by Sarah West
Where I grew up, cow’s milk is a cultural icon. Country roads oscillate between corn fields and cow pastures, the neighboring state fair displays busts of its royalty carved out of butter, folks drink 2% with supper, grocery stores rarely stock fewer than twenty varieties of cheddar. In the Midwest, milk is a birthright, and its venerated status seeps into the consciousness of all who live there. A pharmacist I met in eastern Oregon who had gone to school at UW-Madison confessed to me that he fell so in love with the cheese, he has a particular creamery’s cheddar shipped to him each December in such quantity he can freeze enough for almost the whole year.
Despite being surrounded by Holsteins throughout my youth, it wasn’t until earlier this year that I tasted fresh milk. I was on a tour of a small dairy learning about pasture rotation, when I had my first sip. I was hesitant. I’m not entirely sure how I expected it to taste, but the creamy freshness that greeted my lips took me by surprise. Milked that morning, it was light and sweet, scented delicately with the forage of the fields we had just wandered through.
I became a subscriber of their milk-buying club and now pick up a gallon of this impeccably produced milk every two weeks. The cows they raise are Jersey, a breed whose digestive system is capable of absorbing higher quantities of beta-carotene from their feed than the more common Holsteins, resulting in golden-hued milk. Not being the milk drinker I once was, I realized soon that I would need to learn how to manipulate and preserve this nectar or lose it to souring.
Transfixed by the 3-inch layer of orange-yellow cream that rests on the top of the milk, my first fascination was with butter. I slowly skimmed the thick, silky cream into a separate jar, which I let sit over night, a process called ripening (cold cream won’t separate into butter). In the morning, I simply beat it with my hand mixer, like making whipped cream. As the cream started to hold its shape, I kept mixing, the whipping of the beaters disrupting fat globules, eventually allowing them to stick together in visible chunks. What you get when you go past whipped cream is a nearly invisible transformation, when the puffy whipped cream suddenly becomes a slosh of butterfat and buttermilk. I drained the buttermilk off, folded in salt, and shaped my first pat of golden Jersey butter.
I’d expected to be pleased by the butter, and it is gorgeous stuff, smooth and flavorful. I examined the buttermilk and took one careful sip. Unlike the sour, thick buttermilk I use occasionally in baking, this was thin and sweet. Store bought buttermilk is cultured, somewhat like yogurt, to give it the sort of acidity that activates baking soda to leaven breads and biscuits. Heated up and poured into coffee, my homemade buttermilk makes a delightful café au lait.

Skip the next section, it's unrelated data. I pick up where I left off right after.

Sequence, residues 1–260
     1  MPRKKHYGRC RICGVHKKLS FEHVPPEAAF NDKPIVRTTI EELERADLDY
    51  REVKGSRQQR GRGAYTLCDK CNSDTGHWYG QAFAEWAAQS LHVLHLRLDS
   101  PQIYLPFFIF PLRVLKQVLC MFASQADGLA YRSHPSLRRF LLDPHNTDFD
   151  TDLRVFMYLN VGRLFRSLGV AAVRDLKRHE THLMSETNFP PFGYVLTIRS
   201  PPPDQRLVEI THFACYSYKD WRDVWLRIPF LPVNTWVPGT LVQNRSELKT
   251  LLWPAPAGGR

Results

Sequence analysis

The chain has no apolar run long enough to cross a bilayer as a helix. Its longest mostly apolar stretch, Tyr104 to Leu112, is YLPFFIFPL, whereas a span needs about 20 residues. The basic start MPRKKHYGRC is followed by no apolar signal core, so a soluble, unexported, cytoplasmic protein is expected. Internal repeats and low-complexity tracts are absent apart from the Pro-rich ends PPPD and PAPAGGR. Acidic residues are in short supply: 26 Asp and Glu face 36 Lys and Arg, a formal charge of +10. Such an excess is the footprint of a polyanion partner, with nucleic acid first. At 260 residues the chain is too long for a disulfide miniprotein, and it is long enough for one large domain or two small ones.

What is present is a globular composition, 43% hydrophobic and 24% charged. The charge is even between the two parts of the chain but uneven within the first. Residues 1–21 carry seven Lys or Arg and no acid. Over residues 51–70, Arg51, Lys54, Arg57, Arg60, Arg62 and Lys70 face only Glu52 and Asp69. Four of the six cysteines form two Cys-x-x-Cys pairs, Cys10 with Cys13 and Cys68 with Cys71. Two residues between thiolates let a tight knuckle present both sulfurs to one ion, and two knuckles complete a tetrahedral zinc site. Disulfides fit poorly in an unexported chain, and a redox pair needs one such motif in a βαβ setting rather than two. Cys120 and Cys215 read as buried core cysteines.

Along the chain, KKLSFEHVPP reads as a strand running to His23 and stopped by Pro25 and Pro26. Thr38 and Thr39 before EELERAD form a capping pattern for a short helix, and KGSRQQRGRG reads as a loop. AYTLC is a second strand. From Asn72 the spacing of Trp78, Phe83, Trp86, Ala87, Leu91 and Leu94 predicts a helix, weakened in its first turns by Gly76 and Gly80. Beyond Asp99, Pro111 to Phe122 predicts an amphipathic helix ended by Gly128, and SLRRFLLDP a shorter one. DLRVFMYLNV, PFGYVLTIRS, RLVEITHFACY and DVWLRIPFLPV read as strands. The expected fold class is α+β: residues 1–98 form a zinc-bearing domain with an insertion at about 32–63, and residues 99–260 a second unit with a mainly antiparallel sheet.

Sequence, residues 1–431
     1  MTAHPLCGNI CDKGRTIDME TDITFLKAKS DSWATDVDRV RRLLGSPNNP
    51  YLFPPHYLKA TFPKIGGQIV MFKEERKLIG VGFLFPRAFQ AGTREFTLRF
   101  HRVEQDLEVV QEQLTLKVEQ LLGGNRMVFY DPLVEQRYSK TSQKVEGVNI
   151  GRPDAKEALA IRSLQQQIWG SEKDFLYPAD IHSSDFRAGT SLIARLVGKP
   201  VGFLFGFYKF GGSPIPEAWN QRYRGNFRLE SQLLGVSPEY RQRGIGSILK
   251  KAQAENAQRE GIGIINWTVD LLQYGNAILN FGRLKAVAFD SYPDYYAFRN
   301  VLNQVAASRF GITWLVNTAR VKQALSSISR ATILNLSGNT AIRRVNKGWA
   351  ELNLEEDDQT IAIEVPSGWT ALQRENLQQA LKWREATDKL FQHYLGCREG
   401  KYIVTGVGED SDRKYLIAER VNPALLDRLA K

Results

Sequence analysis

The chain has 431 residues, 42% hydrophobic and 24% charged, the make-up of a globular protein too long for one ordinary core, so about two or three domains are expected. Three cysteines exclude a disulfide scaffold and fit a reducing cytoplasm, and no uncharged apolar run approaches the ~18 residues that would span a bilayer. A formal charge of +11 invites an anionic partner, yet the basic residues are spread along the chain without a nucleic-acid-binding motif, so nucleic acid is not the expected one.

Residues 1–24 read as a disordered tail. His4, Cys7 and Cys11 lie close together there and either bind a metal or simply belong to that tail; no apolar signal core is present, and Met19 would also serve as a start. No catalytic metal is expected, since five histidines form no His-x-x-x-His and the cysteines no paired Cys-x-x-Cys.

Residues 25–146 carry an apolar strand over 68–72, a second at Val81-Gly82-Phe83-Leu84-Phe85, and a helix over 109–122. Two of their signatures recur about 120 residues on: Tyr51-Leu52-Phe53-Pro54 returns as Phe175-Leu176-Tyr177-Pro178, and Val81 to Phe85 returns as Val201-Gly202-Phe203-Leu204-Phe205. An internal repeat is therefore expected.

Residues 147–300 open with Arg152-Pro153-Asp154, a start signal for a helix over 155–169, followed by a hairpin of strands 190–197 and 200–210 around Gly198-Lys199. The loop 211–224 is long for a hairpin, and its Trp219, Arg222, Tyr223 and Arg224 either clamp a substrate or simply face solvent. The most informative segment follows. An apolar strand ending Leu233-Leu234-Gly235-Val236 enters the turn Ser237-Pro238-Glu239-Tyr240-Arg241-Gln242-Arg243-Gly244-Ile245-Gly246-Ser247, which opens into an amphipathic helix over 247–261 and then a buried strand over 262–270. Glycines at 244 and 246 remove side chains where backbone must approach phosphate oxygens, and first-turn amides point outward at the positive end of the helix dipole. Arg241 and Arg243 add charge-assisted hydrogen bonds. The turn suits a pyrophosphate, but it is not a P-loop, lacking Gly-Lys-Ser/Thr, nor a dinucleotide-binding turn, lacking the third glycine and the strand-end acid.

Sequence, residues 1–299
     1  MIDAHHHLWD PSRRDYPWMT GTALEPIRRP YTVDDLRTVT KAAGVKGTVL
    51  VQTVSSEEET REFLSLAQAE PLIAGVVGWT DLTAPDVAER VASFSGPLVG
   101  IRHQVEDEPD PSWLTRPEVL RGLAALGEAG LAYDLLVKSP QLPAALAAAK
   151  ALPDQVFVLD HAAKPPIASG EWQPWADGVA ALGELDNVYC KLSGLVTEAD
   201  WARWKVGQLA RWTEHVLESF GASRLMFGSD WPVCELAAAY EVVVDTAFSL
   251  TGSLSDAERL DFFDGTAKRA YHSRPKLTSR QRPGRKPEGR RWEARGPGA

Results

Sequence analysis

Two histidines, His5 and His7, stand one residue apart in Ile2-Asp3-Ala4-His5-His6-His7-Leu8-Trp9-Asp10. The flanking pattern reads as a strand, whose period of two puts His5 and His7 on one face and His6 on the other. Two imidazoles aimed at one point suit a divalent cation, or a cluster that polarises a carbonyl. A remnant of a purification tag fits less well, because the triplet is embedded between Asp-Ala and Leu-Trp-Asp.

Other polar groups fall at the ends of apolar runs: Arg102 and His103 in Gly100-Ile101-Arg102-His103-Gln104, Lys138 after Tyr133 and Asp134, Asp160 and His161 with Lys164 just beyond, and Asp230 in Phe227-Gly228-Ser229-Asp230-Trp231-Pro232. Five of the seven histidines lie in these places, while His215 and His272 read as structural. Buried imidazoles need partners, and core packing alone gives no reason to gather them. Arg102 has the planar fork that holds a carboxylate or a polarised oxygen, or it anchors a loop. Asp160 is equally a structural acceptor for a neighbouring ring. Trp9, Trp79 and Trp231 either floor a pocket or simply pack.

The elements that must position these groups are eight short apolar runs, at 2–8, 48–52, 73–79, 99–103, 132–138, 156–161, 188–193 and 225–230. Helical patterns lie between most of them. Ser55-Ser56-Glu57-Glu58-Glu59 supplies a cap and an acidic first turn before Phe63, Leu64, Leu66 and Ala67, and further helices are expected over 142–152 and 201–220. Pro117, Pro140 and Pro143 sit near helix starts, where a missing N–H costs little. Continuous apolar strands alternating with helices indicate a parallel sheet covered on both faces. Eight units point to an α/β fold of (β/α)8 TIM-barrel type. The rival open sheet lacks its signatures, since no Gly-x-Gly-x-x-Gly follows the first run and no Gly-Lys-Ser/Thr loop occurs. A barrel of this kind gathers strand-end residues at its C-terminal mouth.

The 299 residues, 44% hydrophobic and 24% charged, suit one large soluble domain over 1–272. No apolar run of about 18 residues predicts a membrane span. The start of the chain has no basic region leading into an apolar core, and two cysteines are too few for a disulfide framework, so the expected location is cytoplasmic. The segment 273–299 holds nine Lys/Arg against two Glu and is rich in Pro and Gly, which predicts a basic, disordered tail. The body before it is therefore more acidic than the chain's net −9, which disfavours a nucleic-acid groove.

Recently, I made my first rennet cheese, one that uses the enzyme rennin to coagulate the casein in milk, leaving behind a high pH, sweet tasting whey. Cheeses that use an acid (like lemon or vinegar) to coagulate the milk separate the proteins differently and expel a lower pH, tangy whey. Called sour whey, it is useable in bread baking, as a soup stock, even to soak oats overnight (makes the creamiest porridge I’ve tasted). Sweet whey is another creature entirely—cheesy, slightly syrupy, subtle but lingering sugar.
I had heard a rumor that ricotta, more commonly made by adding an acid to whole milk, was originally a bi-product of sweet whey. As I looked into the translucent liquid my cheese curds left behind, I didn’t see how it could produce much of anything. The instructions I found said simply to heat it. As the whey neared its desired temperature, the surface began bulging, and from its center emerged little white granules, a dust storm of ricotta curds, that multiplied as the heat increased. At 200° F, I turned off the flame and let the whole pot settle a few minutes before pouring its contents into a butter-muslin lined colander. After draining for ten minutes, the muslin cradled a sweet, pillowy ricotta, needing nothing more than a drizzle of honey to become a decadent dessert.
I’ve always known butter, yogurt and cheese. But before these spells were adapted to an assembly line, they were performed at home. Every day, milk was transformed by skillful hands that could reach beneath its satiny white curtain to draw out an eternity of flavors, a chain reaction of product and bi-product, because it had to be. Before cold storage and pasteurization, we were compelled by necessity to unlock milk’s secrets: liquid into solid, fragile to sturdy, something from nothing.
(Originally published in the Hillsdale Farmers’ Market newsletter, The Grapevine, November 29, 2012)